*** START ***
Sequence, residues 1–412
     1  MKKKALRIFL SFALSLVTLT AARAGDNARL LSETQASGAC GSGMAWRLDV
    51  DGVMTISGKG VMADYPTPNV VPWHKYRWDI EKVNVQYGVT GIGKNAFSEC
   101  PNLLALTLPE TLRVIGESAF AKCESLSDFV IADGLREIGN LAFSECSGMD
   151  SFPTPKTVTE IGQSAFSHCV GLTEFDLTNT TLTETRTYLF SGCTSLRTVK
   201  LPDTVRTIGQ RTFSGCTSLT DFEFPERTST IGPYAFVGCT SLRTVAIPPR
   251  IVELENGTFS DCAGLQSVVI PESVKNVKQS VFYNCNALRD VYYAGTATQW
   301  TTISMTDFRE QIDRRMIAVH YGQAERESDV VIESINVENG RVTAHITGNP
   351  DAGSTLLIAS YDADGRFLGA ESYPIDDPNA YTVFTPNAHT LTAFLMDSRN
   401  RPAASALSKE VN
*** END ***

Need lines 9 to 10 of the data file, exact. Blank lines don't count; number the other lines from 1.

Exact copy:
   351  DAGSTLLIAS YDADGRFLGA ESYPIDDPNA YTVFTPNAHT LTAFLMDSRN
   401  RPAASALSKE VN